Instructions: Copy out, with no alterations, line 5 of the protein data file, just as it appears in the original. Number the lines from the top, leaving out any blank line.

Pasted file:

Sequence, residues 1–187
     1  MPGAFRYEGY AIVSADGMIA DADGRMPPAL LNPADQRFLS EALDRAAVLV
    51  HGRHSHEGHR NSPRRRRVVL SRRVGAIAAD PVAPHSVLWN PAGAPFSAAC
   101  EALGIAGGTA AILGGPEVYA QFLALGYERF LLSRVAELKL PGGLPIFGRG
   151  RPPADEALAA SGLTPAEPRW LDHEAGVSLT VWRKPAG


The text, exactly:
   151  RPPADEALAA SGLTPAEPRW LDHEAGVSLT VWRKPAG